From the comments of this post, which wondered why Americans are so opposed to the climate bill when Europeans seem to want even more regulation. Leaving out the difference in subservience to authority between Europeans and Americans, I wrote this in the comments:
I will just say: Because it's a bad bill. And not because it is unnecessary, though I would tend to argue that way, but for the same reason that people don't like the health care bill - its a big freaking expensive mess that doesn't even clearly solve the problem it sets out to attack. Somehow, on climate change, the House has crafted a bill that both is expensive, cumbersome, and does little to really reduce CO2 emissions. All it does successfully is subsidize a bunch of questionable schemes whose investors have good lobbyists.
If you really want to pass a bill, toss the mess in the House out. Do this:
- Implement a carbon tax on fuels. It would need to be high, probably in the range of dollars and not cents per gallon of gas to achieve kinds of reductions that global warming alarmists think are necessary. This is made palatable by the next step....
- Cut payroll taxes by an amount to offset the revenue from #1. Make the whole plan revenue neutral.
- Reevaluate tax levels every 4 years, and increase if necessary to hit scientifically determined targets for CO2 production.
- no loopholes, no exceptions, no lobbyists, no pork. Keep the legislation under a hundred pages.
- Congress lets individuals decide how best to reduce Co2 by steadily increasing the price of carbon. Price signals rather than command and control or bureaucrats do the work. Most liberty-conserving solution
- Progressives are happy - one regressive tax increase is offset by reduction of another regressive tax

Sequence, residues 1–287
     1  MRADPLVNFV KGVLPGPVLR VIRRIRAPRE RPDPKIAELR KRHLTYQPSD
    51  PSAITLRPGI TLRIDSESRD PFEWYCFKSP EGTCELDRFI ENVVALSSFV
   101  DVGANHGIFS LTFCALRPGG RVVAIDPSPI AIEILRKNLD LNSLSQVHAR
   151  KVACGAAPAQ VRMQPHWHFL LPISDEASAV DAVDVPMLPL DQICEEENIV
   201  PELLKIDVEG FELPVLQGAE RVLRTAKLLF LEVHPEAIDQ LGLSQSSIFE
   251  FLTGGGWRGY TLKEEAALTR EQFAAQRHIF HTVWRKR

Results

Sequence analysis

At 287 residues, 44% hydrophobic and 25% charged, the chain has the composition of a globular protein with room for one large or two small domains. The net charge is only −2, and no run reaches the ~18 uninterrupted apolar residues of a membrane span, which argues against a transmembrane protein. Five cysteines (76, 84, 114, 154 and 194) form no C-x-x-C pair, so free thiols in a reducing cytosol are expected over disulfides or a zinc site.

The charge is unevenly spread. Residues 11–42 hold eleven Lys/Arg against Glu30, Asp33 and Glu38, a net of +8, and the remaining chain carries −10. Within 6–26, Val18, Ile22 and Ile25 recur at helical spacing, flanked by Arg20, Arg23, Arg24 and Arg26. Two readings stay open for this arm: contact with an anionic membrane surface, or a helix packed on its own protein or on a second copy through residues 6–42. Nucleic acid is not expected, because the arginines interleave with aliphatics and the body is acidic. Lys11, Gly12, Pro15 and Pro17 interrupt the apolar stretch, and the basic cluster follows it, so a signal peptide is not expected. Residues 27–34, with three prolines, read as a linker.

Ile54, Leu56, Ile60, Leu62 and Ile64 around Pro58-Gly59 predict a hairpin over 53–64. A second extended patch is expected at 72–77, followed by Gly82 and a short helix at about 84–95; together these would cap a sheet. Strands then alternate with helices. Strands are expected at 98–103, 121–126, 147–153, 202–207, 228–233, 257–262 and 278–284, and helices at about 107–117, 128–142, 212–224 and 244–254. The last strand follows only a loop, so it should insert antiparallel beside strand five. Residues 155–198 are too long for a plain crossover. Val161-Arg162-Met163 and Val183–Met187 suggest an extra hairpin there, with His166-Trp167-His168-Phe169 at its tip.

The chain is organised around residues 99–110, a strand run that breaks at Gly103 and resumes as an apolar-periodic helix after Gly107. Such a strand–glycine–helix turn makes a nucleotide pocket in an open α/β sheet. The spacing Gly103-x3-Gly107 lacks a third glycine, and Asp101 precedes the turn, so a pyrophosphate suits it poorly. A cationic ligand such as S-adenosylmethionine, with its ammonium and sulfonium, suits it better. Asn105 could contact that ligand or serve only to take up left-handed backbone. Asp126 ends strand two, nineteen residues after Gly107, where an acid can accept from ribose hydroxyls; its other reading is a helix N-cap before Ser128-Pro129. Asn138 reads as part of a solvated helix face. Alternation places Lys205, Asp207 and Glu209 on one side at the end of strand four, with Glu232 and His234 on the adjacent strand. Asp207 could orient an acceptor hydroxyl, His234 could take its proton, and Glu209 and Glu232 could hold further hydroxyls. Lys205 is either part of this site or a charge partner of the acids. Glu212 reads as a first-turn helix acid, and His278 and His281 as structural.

- Unemployed are happy - the cost of employing people goes down
- Conservatives are happy - no net tax increase
- Climate skeptics are mostly happy -- the cost of the insurance policy against climate change that we suspect is unnecessary is never-the-less made very cheap. I would be willing to accept it on that basis.
- You lose the good feelings of having hard CO2 targets, but if there is anything European cap-and-trade experiments have taught, good feelings is all you get. Hard limits are an illusion. Raise the price of carbon based fuels, people will conserve more and seek substitutes.
- People will freak at higher gas prices, but if cap and trade is going to work, gas prices must rise by an equal amount. Legislators need to develop a spine and stop trying to hide the tax.
- Much, much easier to administer. Already is infrastructure in place to collect fuel excise taxes. The cap and trade bureaucracy would be huge, not to mention the cost to individuals and businesses of a lot of stupid new reporting requirements.
- Gore used to back this, before he took on the job of managing billions of investments in carbon trading firms whose net worth depends on a complex and politically manipulable cap and trade and offset schemes rather than a simple carbon tax.
Payroll taxes are basically a sales tax on labor. I am fairly indifferent in substituting one sales tax for another, and would support this shift, particularly if it heads of much more expensive and dangerous legislation.
Update: Left out plan plank #4: Streamline regulatory approval process for nuclear reactors.
Update #2: Readers of TJIC wonder if this is effective, calling it just a rebate of the tax. I answered in the comments as follows: